While Google’s Panda update has many different aspects, one thing is certain: Google is looking for signals of trust, authority, and real branding. They are looking for signals that thin content mfa sites and thin content affiliates will have a hard time building. If you are a website or business owner, what are some thing you can do to send these signals to Google? In this post I’ll give you a few ideas.
Public speaking is a huge step in showing Google that you are a trusted and authoritative source on the web with nothing to hide. How does Google know you are speaking? They see your business name and domain on the web. It doesn’t matter if you are speaking at your local library, chamber of commerce, lions club, seminar at a community college, or industry conference. All of these events will have a page where they list who is speaking. Now, hopefully these pages will give you a link but, even if they don’t, just a citation of your domain counts in my opinion. Now you do have to balance and justify the time spent preparing, traveling, and speaking, but if you do this regularly, the value adds up over time.
Help a Reporter Out
Hopefully you have heard of HARO (help a reporter out). It’s a daily email list of reporters looking for industry experts to quote or interview for stories they are working on. You probably aren’t going to come across any requests from New York Times or Wall Street Journal reporters, but small- to medium-sized regional, industry specific journals, magazines, newspapers, or websites still have value. Again, getting a link is ideal, but even a citation of your business name and URL is IMHO a good thing
Blogger linkup is another daily email newsletter. Every day, an email goes out of blogs looking for guest posts and bloggers with guest posts looking for websites to accept them. Now, I will be honest, this can be a bit hit or miss as some of the sites are a bit dodgy and on the MFA side of the tracks, so take a look before committing to anything. Try to think outside of the box here. If you run a travel website and see a request for guest articles on a healthy eating website, write an article on eating healthy while traveling. Some of the biggest mistakes I see with guest articles is re-using the same bio box over and over and creating an unnatural focus of inbound anchor text. Don’t go there, ok?
Let’s get one thing clear–links from a .edu website aren’t worth more because they are on an .edu TLD. They are worth more because, generally speaking, .edu websites have more trust than other websites. Wordstream published an excellent post on creating science projects and giving them away for schools and libraries to use. If you want links from .edu websites, create content that .edu websites would find valuable. Hire a premium research style writer and produce content that is considered valuable by professors, teachers, or expert content curators. Put this content on a different template than your normal content, strip out the ads, strip out the commercial links, and strive to make this content as encyclopedic as possible. Here’s a bonus tip: create content and release it into creative commons. Put it in a PDF that anyone can download, build upon, and re-use as long as they credit you. Try to embed a link to your website in the footer of the document, or at the bare minimum have your URL listed in the document.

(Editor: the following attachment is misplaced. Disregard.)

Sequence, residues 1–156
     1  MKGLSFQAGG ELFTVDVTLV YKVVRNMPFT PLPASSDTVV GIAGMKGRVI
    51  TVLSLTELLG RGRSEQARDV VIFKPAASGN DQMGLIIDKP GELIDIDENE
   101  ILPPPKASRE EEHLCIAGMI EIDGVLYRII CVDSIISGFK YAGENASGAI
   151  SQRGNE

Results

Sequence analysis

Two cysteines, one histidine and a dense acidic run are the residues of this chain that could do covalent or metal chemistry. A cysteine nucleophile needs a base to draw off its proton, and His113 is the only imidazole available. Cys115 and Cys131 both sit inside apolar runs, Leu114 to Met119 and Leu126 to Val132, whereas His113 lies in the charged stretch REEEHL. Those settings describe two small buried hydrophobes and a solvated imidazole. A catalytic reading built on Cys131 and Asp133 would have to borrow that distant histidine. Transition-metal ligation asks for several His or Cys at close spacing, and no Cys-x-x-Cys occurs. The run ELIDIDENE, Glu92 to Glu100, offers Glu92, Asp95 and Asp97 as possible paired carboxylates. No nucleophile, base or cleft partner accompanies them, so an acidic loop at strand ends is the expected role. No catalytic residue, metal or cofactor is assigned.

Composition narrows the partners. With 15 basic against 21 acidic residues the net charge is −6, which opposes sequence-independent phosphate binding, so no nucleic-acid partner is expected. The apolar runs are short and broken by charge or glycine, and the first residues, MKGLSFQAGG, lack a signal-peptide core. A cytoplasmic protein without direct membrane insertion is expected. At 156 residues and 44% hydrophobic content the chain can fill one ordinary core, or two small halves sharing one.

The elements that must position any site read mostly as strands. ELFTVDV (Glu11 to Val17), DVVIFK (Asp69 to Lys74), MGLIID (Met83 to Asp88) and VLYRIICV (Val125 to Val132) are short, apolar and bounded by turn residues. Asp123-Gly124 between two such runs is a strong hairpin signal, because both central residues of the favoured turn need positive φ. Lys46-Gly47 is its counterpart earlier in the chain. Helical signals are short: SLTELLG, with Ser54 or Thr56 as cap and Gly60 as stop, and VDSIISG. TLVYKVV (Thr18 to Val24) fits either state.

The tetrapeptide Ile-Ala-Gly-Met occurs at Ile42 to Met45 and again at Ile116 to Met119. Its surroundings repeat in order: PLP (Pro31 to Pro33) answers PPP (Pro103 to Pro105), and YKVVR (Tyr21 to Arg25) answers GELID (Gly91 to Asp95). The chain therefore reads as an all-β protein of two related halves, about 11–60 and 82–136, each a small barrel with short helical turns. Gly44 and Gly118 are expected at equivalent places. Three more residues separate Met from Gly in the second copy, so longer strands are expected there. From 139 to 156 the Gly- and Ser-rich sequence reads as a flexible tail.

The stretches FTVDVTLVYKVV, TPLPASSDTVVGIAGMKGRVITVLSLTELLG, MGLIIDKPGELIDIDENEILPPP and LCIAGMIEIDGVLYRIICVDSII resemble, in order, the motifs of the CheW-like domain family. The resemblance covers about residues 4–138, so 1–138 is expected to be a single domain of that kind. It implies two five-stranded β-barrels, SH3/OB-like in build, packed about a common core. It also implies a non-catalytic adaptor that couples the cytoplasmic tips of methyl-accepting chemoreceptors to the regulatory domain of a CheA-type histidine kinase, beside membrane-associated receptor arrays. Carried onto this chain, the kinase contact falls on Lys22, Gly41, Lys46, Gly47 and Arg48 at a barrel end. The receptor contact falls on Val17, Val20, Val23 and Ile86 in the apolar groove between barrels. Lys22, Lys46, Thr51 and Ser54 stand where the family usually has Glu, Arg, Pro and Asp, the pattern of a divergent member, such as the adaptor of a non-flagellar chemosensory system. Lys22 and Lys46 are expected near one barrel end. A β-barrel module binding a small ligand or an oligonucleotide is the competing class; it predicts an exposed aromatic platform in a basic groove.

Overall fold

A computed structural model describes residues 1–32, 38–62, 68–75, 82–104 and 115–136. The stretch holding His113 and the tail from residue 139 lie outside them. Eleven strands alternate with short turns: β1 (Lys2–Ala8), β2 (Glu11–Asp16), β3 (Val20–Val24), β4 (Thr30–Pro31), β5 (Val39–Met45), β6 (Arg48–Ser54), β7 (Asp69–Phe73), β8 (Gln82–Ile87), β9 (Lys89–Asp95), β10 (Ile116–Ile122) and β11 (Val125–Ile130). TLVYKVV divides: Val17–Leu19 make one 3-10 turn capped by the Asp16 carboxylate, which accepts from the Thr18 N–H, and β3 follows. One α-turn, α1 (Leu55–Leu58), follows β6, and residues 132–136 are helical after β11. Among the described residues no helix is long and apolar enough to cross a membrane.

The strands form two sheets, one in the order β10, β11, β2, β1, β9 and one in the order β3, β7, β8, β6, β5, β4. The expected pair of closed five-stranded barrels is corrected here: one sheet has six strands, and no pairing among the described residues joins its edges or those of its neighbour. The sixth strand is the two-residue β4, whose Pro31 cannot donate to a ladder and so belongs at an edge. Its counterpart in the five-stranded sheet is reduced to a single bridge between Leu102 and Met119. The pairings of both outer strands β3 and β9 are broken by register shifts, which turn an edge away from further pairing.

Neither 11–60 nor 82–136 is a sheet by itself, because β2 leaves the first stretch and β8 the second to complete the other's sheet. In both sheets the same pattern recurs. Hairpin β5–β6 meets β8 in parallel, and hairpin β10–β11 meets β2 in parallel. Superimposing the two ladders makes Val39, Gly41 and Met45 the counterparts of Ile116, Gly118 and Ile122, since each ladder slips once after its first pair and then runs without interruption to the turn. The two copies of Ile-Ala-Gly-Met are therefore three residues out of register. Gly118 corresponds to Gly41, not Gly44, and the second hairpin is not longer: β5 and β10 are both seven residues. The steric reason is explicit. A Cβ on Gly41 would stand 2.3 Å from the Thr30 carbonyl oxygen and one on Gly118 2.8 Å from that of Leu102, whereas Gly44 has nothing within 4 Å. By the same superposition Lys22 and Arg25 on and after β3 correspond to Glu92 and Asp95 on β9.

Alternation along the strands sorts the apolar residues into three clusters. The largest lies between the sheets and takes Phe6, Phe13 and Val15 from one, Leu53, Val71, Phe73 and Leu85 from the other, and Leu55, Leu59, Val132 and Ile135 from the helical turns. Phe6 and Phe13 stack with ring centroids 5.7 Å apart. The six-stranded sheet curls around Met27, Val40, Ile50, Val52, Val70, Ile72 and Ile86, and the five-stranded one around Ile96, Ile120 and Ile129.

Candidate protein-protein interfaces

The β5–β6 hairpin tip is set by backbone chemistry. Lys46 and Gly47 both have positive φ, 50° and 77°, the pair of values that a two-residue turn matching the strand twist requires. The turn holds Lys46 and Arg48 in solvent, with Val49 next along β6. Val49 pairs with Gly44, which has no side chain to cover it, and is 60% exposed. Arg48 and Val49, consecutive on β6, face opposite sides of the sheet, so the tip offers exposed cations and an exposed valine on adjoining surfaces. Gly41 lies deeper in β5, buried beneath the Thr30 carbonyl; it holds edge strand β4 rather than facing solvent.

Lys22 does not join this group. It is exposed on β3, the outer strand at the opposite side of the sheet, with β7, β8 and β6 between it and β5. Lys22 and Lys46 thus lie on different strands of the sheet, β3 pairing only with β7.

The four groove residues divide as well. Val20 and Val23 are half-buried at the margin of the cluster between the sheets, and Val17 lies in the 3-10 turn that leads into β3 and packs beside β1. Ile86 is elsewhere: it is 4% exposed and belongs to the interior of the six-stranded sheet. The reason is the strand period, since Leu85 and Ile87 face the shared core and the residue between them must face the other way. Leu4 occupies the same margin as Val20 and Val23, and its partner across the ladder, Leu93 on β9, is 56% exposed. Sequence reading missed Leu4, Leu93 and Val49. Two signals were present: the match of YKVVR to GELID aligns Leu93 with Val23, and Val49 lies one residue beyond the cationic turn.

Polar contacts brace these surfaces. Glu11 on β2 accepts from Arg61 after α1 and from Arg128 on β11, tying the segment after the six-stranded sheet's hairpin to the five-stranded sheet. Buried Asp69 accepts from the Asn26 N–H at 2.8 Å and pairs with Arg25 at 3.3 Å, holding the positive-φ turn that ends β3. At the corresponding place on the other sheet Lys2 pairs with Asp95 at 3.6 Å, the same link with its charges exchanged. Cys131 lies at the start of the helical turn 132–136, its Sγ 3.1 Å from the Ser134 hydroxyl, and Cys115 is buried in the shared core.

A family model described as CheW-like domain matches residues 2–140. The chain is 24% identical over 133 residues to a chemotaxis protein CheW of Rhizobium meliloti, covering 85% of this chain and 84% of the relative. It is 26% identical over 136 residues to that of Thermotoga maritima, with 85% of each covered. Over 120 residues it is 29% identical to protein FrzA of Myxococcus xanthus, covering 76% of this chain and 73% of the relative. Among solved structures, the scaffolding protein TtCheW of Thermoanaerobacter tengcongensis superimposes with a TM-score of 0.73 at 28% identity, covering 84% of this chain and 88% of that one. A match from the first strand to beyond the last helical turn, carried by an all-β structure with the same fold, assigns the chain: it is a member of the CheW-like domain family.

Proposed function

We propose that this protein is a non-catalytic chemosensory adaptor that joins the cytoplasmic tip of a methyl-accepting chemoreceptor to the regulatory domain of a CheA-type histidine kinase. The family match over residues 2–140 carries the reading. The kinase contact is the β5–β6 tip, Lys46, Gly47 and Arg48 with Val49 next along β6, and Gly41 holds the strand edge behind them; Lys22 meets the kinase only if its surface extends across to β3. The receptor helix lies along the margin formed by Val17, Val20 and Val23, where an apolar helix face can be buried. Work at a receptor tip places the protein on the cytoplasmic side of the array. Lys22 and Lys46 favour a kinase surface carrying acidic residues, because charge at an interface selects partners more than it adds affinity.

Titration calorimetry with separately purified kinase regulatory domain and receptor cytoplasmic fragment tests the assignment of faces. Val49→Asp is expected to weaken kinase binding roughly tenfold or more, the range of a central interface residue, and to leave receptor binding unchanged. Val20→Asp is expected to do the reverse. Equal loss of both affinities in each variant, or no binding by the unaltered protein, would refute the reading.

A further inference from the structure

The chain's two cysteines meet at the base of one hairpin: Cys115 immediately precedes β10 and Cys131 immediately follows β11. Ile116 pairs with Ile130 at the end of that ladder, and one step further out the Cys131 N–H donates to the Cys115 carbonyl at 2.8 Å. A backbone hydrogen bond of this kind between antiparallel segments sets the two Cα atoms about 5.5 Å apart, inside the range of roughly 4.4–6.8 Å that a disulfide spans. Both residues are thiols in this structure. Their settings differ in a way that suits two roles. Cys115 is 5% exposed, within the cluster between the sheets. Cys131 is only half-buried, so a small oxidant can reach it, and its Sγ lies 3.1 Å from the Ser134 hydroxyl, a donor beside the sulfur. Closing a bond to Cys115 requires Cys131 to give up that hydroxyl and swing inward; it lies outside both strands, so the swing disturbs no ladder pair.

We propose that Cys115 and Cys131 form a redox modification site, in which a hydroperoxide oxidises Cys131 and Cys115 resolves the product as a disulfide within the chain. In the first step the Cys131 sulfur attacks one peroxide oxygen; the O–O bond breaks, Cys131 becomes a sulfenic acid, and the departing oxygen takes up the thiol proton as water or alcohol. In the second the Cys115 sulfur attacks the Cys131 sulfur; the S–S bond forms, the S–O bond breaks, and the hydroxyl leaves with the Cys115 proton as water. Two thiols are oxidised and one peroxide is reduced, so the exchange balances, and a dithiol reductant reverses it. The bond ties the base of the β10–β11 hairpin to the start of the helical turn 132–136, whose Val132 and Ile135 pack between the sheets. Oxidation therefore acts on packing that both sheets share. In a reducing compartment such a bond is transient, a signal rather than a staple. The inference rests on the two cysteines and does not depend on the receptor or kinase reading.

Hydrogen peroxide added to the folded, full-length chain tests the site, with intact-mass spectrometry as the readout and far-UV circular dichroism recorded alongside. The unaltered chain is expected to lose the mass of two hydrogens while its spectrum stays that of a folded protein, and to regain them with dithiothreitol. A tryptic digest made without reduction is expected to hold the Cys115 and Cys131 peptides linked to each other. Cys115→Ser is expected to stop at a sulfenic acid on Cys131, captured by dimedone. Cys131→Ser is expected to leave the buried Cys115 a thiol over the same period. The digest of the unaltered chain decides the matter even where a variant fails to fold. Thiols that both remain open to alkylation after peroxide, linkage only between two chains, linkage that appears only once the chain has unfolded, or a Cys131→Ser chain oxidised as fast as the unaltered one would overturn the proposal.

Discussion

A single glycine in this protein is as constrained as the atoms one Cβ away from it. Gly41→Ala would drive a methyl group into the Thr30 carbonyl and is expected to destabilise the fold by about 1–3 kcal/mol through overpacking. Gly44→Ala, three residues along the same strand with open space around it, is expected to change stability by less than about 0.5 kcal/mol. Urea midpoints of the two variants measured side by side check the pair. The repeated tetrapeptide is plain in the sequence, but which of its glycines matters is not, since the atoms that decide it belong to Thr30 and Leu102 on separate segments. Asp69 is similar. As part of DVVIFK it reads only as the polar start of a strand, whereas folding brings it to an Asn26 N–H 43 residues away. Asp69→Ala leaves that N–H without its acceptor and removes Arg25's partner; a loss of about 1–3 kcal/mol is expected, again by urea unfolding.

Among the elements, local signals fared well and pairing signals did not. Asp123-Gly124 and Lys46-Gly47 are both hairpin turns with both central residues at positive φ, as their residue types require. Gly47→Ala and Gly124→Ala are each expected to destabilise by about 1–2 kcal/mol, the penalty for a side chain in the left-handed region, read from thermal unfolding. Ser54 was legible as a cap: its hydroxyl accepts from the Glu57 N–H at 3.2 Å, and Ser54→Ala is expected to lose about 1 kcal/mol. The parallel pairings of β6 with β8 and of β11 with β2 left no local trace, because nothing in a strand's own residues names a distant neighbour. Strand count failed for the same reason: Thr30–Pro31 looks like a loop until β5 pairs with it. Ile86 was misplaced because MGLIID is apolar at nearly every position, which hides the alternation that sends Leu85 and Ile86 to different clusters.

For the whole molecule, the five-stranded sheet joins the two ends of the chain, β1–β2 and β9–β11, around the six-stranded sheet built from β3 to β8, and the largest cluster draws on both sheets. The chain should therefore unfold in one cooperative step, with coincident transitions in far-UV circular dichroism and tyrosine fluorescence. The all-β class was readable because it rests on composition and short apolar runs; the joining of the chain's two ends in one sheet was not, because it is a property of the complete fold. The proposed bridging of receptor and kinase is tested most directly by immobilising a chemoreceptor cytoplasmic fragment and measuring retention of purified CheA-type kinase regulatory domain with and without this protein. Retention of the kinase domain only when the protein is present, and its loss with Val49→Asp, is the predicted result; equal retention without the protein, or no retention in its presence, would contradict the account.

Hopefully you are doing press worthy things on a regular basis, and you are putting out press releases about it. For example, did you create 12 science project PDFs for schools about fresh and salt water marine ecology for your online aquarium supply store? That is a press worthy event. If you get a guest blog post on a “green” or “Eco-friendly” blog, mention/link to it there too. This is how you make the most of content that cost you a lot of time/money/resources to create. Don’t obsess over whether the press release site passes link equity or not (it usually doesn’t), but think of the links as pointers. If your press release is picked up and your URLs are linked, the search engines will crawl through them. That’s why I strongly recommend including 1 or 2 deep links in a press release.
So what are some takeaways on this post on how to build website trust and authority
- Concentrate on getting links or citations on other websites with higher trust and authority that are legitimate sources for news, information and research.
- Engage in public speaking as often as is feasible. Try to make sure you have a speaker bio with your website listed or linked.
- Look for opportunities to speak with or be interviewed by reporters about your area of expertise. Try to have your website listed and linked whenever possible.
- Look for guest blogging opportunities on quality or upcoming websites.
- Create content that educational facilities would find valuable and let them know about it.
- Create content for educational use and distribute it under creative commons. Make sure to link or mention your domain in the PDF you distribute.
- Do press worthy things on a regular basis and issue press releases about them. Try to include deep links if possible.
- Look for ways to combine these efforts whenever possible so you can get the maximum value.
- Don’t think of this as something requiring a lot of concentrated effort. You need to do these slowly and continually over time for maximum benefit.
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